So in the Bay Area in California, remember we had the most centers for independent living, and one of the important parts of having community‑based organizations, not just centers for independent living, but it's that you can choose as we did to become actively involved in what was going on in our communities.  We were making alliances with organizations that were working in the area of disability, so we were also making alliances with many organizations that were not necessarily working in disability but that were social justice organizations, civil rights organizations, organizations that were fighting for equity, and we were working with them to get disability integrated into those agendas.

So in February of 1977 when the American Coalition of Citizens with Disabilities decided that we were insisting on the regulations being signed, in the Bay Area we set up like a working group.  It was called the Committee to Save 504 and it had a number of centers for independent living and many other different types of organizations working.

And so in April when the date came, the ACCD said if the regulations aren't signed we will have demonstrations.  There were demonstrations in all nine federal regional offices and in some other places, but in the Bay Area we had a working committee that had been working with the Regional Office of Health, Education and Welfare discussing that we were going to be coming and we wanted to talk about what was going and basically to say we were unhappy with the 504 regulations had not yet been signed in Washington.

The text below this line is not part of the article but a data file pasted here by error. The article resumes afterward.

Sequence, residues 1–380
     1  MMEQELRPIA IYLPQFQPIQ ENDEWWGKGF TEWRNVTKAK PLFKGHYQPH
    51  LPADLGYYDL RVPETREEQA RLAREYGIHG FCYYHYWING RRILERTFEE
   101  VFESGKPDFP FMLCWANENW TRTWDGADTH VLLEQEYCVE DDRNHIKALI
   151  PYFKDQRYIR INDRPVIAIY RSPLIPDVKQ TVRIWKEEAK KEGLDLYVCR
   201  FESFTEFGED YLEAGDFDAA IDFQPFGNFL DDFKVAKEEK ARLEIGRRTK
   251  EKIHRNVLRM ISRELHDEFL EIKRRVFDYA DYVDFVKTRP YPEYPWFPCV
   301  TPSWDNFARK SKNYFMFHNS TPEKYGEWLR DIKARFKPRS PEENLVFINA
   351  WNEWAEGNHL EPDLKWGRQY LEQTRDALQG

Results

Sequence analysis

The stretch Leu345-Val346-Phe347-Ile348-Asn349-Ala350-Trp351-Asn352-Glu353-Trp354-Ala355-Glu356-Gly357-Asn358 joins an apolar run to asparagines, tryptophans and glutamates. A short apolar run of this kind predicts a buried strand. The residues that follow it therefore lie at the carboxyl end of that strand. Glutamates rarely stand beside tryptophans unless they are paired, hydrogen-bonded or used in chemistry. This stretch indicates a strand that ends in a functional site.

But we organized really well.  We had about, I don't know, hundreds of people outside the Federal Building which was in San Francisco and it was not in Berkeley, and San Francisco was like a hub.  We had the demonstration, a group of people went into the Federal Building in San Francisco to have a meeting with what's called the Regional Director at that time in Health, Education and Welfare and we met with him and we met with his staff and we were very unhappy because they were not aware of what the sustenance of the regulations were and they hadn't been signed, so we decided that we were going to stay in the building overnight. 

So you can read about this.  You can go and look at something on YouTube called The Power of 504 and it will give you a really good historical look at what actually happened, but it was very important because disabled people with different types of disabilities, different ages, it was very intergenerational, plus disability, took over the Federal Building and we wound up staying in the building for 27 days.  20 of us left and went back to Washington DC to join protesters in Washington DC, but the only place where the sitting continued beyond one night was in San Francisco with the 504 Committee.  And we were successful, the ACCD and the groups around the country and the continuing pressure of the demonstrations in San Francisco resulted in the regulations being signed without any change, so we were really happy because we were knowledgeable.  We had worked on this issue very hard, and we had made contacts with senators and Congressmen, both republicans and democrats to talk about why this was so important.  The community of disabled people around the country had been getting involved in what was going on, so it was really in many ways the real launch of the National Disability Rights Movement.

   >> JOYCE BENDER:  Wow.  Would you tell them go, where did you say to go to see more about that?  Did you say where to go?

   >> JUDY HEUMANN:  Sure, maybe you can post it, it's called The Power of 504, and narrated by Kitty and she was one of the leaders of the 504 demonstrations and myself.  And Kitty and a number of other people played a role in helping to organize the demonstration.  Mary Lou Breslin, Pat Write, centers for independent living, disability rights, and Kitty, unfortunately, passed away but she was the one that narrated the footage and it's about 30 minutes or a little less and it's very informative and it's free.